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Diseases

Genetic and Rare Diseases Information Center (GARD)

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Medium-chain acyl-coenzyme A dehydrogenase deficiency


Other Names for this Disease
  • ACADM deficiency
  • Acyl-CoA dehydrogenase medium chain deficiency of
  • MCAD deficiency
  • MCADD
  • MCADH deficiency
More Names
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Tests & Diagnosis


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How is medium-chain acyl-coenzyme A dehydrogenase (MCAD) deficiency diagnosed?

Diagnosis of medium-chain acyl-coenzyme A dehydrogenase (MCAD) deficiency requires the integrated interpretation of multiple analyses, including consideration of the clinical status of the affected individual (i.e., acutely symptomatic vs. asymptomatic) at the time of sample collection. Initial testing should include the following analyses and their proper interpretation: plasma acylcarnitines, plasma fatty acid (free or total) profile, urine organic acids, and urine acylglycines. The biochemical diagnosis of MCAD deficiency can be confirmed by measurement of MCAD enzyme activity in fibroblasts or other tissues and/or by molecular genetic testing of the ACADM gene.[1]
 
Last updated: 2/4/2011

References
  1. Matern D, Rinaldo P. Medium-Chain Acyl-Coenzyme A Dehydrogenase Deficiency. GeneReviews. February 3, 2005; http://www.ncbi.nlm.nih.gov/bookshelf/br.fcgi?book=gene&part=mcad#mcad. Accessed 2/4/2011.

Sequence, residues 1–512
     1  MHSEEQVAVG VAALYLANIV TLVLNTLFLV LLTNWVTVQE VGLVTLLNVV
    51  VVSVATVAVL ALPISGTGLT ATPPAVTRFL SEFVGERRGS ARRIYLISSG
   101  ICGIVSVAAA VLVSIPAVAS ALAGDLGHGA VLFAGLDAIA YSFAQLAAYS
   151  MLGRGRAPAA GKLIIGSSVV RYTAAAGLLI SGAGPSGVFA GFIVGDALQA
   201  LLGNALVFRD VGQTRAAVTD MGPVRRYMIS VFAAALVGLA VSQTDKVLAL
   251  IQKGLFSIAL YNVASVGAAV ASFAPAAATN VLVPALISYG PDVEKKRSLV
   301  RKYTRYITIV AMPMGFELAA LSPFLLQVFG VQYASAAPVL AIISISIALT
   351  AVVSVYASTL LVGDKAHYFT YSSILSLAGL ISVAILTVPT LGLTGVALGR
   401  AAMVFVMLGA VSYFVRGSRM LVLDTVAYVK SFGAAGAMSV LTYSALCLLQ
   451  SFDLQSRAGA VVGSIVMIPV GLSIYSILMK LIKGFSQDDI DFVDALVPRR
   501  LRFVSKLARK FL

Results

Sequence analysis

Testing

  • The Genetic Testing Registry (GTR) provides information about the genetic tests for this condition. The intended audience for the GTR is health care providers and researchers. Patients and consumers with specific questions about a genetic test should contact a health care provider or a genetics professional.
  • Orphanet lists international laboratories offering diagnostic testing for this condition. Click here and scroll down the page to learn more about the processes of certification, accreditation, and external quality assessment available to these labs. Click on Orphanet to view the list.

Newborn Screening

  • An ACTion (ACT) sheet for this condition has been developed by experts in collaboration with the American College of Medical Genetics, an organization providing education, resources and a voice for the medical genetics profession. ACT sheets are general guidelines that describe the short-term actions a health professional should follow in talking with the family and deciding the appropriate steps in the follow-up of an infant who has screened positive on a newborn screening test. Click on the link above to view the ACT sheet.
  • An Algorithm for this condition has been developed by experts in collaboration with the American College of Medical Genetics, an organization providing education, resources and a voice for the medical genetics profession. Algorithms are general guidelines for healthcare providers outlining steps involved in determining the diagnosis of an infant who has screened positive on a newborn screening test. Click on the link above to view the Algorithm.
  • Baby's First Test is the nation's newborn screening education center for families and providers. This site provides information and resources about screening at the local, state, and national levels and serves as the Clearinghouse for newborn screening information.
  • National Newborn Screening and Global Resource Center (NNSGRC) provides information and resources in the area of newborn screening and genetics to benefit health professionals, the public health community, consumers and government officials.